TREND: In July, US-Mexico trade contracted 2.78% after hitting an all-time high last month. Mexico is still the US’s largest trade partner for the sixth month in a row this year and total year-to-date trade as of July 2021 is up 16.89% compared to July 2020. After months of Canada closing the gap with Mexico as the second largest trade partner by growing its participation as a top destination for US exports, last month was the first time in months that its percentage stayed the same, trailing Mexico by 0.1% of total US trade. China has been consistently losing its position as a top trade partner as their exports and imports from the US continue to contract.
•Mexico’s exports to the US in July (US $31.9 billion) declined 3.38% after hitting a record high in June. Mexican imports (US $23.6 billion) from the US also declined 1.96%, however both numbers are higher than in May 2021. Mexican imports from the US have oscillated between US $21 billion in February and US $24.1 billion in June. Both exports and imports are up more than 29.67% compared to July 2020 and doing considerably better than last year.
•Mexico is still the top trade partner of the US while Canada is the second. Total US-Mexico trade in 2021 equals US $375.5 billion or 14.7% of total US trade, which is still greater than Canada (US $372.8 billion) and China (US $352.8 billion). The top three countries maintained the same percent of total trade this month.
Top US trade partners, 2021 (billions, USD)
•As of June 2021, Mexico’s participation as the second top export destination for US products grew again this month compared to June 2021, from 15.9% to 16.0%. Canada’s participation as the leading importer of US goods stayed the same this month at 17.7%, ending it’s three month period of consistent growth. US exports to China decreased again for the fourth consecutive month from 8.8% in February to 8.4% in July. Both Mexico and Canada’s percent of total exports continue to be higher than in 2020.
•China is still the top source of US imports (17.2% of total) and its percentage stayed the same again this month. However, Chinese exports have continued to contract consistently from 19.1% in January to 17.2% in July. Mexico’s percent of total US imports decreased again this month (13.9%) by 0.1% while Canada’s stayed the same this month (12.6%) after a 0.2% increase in June. The US kept its imports from Canada and China while marginally decreasing imports from Mexico.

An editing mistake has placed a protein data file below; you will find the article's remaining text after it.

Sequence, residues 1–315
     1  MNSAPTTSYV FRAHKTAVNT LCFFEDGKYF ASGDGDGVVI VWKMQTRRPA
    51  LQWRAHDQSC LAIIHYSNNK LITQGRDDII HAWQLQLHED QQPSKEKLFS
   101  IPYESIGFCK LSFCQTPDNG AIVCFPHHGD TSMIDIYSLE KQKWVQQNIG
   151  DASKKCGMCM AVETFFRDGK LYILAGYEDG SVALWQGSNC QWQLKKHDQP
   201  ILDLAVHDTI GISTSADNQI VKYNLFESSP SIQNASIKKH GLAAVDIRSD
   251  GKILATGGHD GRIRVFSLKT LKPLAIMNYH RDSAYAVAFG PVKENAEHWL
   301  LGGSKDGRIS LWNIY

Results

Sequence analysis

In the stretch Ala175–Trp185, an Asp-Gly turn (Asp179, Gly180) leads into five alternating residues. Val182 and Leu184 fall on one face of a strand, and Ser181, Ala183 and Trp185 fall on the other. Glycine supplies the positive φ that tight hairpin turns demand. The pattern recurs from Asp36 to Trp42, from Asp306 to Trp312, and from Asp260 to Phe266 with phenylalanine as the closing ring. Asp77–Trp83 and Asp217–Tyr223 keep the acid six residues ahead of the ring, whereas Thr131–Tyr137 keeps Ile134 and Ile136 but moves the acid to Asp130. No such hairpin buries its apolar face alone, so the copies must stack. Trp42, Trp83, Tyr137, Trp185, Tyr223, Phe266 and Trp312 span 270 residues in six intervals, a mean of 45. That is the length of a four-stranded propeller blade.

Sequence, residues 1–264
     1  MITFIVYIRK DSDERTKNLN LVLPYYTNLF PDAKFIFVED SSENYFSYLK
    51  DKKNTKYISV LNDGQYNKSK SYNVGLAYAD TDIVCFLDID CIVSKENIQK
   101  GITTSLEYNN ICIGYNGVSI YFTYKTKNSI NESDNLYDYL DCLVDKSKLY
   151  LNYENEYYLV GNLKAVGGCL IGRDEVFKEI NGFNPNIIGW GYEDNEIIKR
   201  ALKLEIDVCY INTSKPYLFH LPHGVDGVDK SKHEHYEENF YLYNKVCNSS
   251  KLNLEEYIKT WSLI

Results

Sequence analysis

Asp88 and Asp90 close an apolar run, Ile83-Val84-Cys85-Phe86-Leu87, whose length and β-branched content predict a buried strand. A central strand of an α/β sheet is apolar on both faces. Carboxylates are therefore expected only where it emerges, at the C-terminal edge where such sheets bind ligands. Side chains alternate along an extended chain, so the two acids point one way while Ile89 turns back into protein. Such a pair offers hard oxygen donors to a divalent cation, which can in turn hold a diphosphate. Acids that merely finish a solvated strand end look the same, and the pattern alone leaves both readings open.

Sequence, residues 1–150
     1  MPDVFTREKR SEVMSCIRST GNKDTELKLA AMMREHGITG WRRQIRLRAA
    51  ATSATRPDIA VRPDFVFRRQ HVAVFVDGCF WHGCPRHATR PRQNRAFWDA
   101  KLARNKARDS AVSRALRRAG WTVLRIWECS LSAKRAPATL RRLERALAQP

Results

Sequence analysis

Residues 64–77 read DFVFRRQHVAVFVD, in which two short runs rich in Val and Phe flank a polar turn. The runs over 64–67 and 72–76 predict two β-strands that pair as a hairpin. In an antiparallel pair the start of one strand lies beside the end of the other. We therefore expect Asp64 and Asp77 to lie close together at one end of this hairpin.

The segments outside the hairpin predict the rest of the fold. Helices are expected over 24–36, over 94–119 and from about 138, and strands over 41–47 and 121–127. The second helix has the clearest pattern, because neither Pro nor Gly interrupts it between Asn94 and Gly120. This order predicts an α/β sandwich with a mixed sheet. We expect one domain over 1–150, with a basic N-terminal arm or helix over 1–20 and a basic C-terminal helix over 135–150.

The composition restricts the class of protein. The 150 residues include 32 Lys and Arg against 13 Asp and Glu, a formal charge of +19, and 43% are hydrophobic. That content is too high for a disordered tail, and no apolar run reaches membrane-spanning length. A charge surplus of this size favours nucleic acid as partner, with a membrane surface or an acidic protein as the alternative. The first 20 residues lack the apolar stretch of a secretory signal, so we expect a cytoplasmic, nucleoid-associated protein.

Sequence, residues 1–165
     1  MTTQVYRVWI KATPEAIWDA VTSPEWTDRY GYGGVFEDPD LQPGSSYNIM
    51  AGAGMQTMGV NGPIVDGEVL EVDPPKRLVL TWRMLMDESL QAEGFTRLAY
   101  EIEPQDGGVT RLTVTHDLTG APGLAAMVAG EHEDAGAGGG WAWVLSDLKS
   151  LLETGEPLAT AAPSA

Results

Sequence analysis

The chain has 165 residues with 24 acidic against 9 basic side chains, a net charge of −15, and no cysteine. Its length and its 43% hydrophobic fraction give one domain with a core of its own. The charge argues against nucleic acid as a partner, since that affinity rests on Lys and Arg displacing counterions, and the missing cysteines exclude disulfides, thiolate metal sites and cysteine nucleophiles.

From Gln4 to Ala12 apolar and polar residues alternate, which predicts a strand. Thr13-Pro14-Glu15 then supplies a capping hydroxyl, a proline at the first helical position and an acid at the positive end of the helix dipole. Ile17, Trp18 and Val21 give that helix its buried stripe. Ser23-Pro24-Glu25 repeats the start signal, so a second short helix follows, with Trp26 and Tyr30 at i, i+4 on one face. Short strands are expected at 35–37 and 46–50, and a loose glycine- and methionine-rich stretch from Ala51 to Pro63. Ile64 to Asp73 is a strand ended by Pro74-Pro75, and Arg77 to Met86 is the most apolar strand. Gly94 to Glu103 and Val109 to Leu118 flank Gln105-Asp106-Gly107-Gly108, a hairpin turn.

•The top 5 US imports from Mexico in total value this month compared to June 2021 are (i) 87 Vehicles, expect railway or tramway (ii) 84 Nuclear reactors, boilers, machinery (iii) 85 Electric machinery etc; sound equip; tv equip (iv) 27 Mineral fuel, oil; etc (v) 90 Optic, Photo etc, medic or surgical instruments. In July, most categories grew compared to June 2021. The three categories that grew the most were: (i) Cork and articles of cork (147.89%) (ii) Fertilizers (140.12%), and Edible preparations of meat, fish, crustaceans etc (75.11%) .
•The top 5 US exports to Mexico compared to June 2021 in total value were (i) 85 Electric machinery etc; sound equip; tv equipment (ii) 27 Mineral fuel, oil; etc (iii) 84 Nuclear reactors, boilers, machinery (iv) 39 plastics and articles thereof (v) 87 vehicles and parts. During the same period, all US export categories to Mexico also grew. The three types of products with the most growth compared to June 2021 were: (i) furskins and artificial fur (324.15%), (ii) Arms and Ammunition (258.18), (iii) Lac; gums, resins & other vegetable sap (55.72%). ..
TAKEAWAY: US-Mexico trade decreased marginally compared to June 2021, when trade hit an all-time high, however Mexico has been maintaining its status as a key destination for US products. US-Canada trade stalled this month for the first time in months after consistently closing the gap with Mexico. Both Mexico and Canada are still benefiting from the US continuing trade tensions with China and are positioned to continue for years to come. As more companies become accustomed to the USMCA and new supply chain paradigms during the pandemic, both Mexico and Canada have a lot to gain from attracting companies to reshore supply chains from Asia. As the third wave has kept Covid-19 cases high in both Mexico and the US, and key manufacturing component shortages have affected manufacturing production in the automotive industry, the impact in US-Mexico trade will be felt in the coming months.
* Spotlight by José Burnes, AmCham/Mexico’s Trade & Investment Center Manager and Gaby Valdés, Trade & Investment Center Specialist. The American Chamber of Commerce of Mexico (AmCham/Mexico) seeks to facilitate commercial integration between Mexico and the US, build a favorable business environment, and contribute with proposals to consolidate Mexico’s competitiveness and development as a top destination for American investment. By connecting companies and sharing trends and market intelligence, its Trade & Investment Center boosts cross-border business. Twitter: @amchammexico